Gifts and Perils of Landslides
Catastrophic rockslides and related landscape developments are an integral part of human settlement along upper Indus streams
Ghoro Cho: Two Landslide Stories
Ghoro Cho (“heap of great stones”) comprises a series of boulder-covered ridges across the floor of Shigar Valley (see Figures 6 and 8). Early in my investigations, I stayed there in the shepherds’ hut at Kor-Kor-Tsok-Boo. One evening, having heard of my interest, Apo (grandfather) Haji Ali elected to tell me the “real” story of the great stones. It was after supper and we sat around the open fire, the animals milked and settling down in the corrals, Haji Ali’s face alternately lit by the flames or obscured by the smoke.
Long ago, he said, where Ghoro Cho now lies there was a great and prosperous city. A traveling holy man came there and asked the ruler, the Rajah, for food and shelter. He was turned away, and by other wealthy folk. At last a poor woman gave him shelter and shared her food. Next morning he told her to climb to some springs high above the valley floor. He went to the opposite side and smote the rock with his staff. A great part of the mountain came down, burying the city, its wealth and pride.
Haji Ali’s story resembles morality tales about disasters in many places, including other Karakoram landslides. It may seem more myth than fact. Yet the details are singular, and whoever crafted the story was a fair geologist or landscape detective. Next morning the storyteller walked with me, pointing out the huge scar on the mountain side struck by holy man. Opposite, he identified Mango village and its springs where the old woman remained safe above the cataclysm. He showed me many features among the boulders of Ghoro Cho that proved valuable in reconstructing its geological as well as human story. Visiting the scar on the mountain side, I found green crystalline bedrock identical to Ghoro Cho boulders. Just 100 meters below Mango village, I found the outermost boulders and tell-tale greenish deposits marking the landslide rim.
However, this is also important in relation to another story—one from modern geoscience. For over a century Ghoro Cho was interpreted by earth scientists as moraine: debris dumped by glaciers during the Ice Age. I had passed it many times assuming the ridges were moraines, an easy mistake to make. But Haji Ali had the answer to definitively separate landslides from moraines—through rock type. The boulders and other visible fragments of Ghoro Cho are 100 percent that green crystalline rock of the source slope. Major mineral and major element analyses of samples showed that even the finest dust is of identical composition. Glaciers had indeed flowed into the valley, but carried quite different rock types, and of great variety—much as the rivers do today. Meanwhile, rock avalanche particles, from smallest to largest, have the tell-tale angular or “chink stone” character of fractured and crushed material. Moraines of large glaciers have diverse particle shapes including stones rounded in meltwater streams.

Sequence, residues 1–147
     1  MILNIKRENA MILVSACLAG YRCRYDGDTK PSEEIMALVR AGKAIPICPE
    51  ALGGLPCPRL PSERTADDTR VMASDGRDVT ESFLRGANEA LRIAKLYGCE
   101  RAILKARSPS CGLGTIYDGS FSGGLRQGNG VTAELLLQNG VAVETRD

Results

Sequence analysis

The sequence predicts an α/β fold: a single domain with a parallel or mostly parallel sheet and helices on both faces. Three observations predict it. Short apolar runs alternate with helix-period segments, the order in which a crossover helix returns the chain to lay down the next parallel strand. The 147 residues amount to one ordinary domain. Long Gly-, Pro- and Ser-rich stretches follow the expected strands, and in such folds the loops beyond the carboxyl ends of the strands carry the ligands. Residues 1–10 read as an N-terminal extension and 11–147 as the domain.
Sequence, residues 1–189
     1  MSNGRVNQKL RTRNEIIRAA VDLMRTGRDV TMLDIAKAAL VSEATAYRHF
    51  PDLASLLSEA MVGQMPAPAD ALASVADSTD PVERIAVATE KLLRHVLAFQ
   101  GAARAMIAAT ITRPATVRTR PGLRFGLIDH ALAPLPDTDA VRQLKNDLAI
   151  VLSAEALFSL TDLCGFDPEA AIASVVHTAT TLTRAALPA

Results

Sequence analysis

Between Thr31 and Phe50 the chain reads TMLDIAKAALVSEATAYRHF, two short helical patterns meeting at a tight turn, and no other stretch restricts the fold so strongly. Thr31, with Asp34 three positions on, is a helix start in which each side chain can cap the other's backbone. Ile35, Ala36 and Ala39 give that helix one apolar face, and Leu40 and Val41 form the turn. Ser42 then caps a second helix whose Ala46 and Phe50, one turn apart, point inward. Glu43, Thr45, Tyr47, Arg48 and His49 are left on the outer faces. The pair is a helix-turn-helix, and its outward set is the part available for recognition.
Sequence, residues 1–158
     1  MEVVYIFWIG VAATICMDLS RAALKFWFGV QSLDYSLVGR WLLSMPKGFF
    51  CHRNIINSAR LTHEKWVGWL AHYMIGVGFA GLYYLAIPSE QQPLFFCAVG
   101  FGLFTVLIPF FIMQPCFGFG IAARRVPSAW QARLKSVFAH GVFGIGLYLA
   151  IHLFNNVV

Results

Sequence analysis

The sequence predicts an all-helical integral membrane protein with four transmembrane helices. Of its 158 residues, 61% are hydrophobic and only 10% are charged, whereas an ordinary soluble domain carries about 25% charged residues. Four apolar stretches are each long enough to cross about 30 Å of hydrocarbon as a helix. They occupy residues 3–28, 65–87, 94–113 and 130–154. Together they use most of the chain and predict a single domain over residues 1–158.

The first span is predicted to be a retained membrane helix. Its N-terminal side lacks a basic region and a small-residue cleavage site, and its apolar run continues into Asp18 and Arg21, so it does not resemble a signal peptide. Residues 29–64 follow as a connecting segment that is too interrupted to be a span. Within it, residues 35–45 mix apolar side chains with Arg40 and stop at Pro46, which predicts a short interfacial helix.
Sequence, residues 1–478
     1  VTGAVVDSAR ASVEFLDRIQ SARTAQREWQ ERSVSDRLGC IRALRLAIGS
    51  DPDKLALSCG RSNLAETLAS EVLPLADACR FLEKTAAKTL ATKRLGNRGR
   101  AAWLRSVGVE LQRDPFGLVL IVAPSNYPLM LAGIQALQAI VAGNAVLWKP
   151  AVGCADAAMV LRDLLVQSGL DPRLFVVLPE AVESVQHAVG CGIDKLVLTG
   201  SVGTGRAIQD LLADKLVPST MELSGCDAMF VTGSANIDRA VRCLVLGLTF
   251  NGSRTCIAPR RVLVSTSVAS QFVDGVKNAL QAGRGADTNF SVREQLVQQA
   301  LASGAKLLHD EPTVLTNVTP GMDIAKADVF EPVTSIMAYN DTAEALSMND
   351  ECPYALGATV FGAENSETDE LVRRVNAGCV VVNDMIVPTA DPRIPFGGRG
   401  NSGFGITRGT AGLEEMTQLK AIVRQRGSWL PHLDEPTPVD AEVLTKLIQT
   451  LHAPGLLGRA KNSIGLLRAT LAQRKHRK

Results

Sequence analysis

Of course, rock type analysis is bread-and-butter for any trained geoscientist, particle shape for the sedimentologist, but in this case, no one thought it necessary to check them out. The most influential studies from the 1850s to the 1980s offered compelling interpretations of Ghoro Cho as glacial. Indeed, Quaternary geologists believed these and some other landslide deposits represented the same three or four Ice Age glaciations described around the European Alps and in Scandinavia. The author of Haji Ali’s story knew better, but the moraine hypothesis prevailed until the 1990s.
Ghoro Cho can be a formidable place, dark and forbidding from a distance, mostly barren and swept daily by dust storms. Yet, every square inch is known to local people. Too far from water for cultivation, the area serves mainly as grazing land. Troglodyte homes for shepherd families and their animals lie under the largest boulders, and the residents have names for every feature. Many other stories are told, recalling the wolves, bears and Siberian tigers that once sought refuge among the boulders; dangerous djinns or “fairies”; and heroes from the Kesar Saga, the great oral epic of Shigar valley. Among these narratives are solid grains of empirical and practical truth, useful as environmental knowledge or contributing to a sense of place, history and calamity.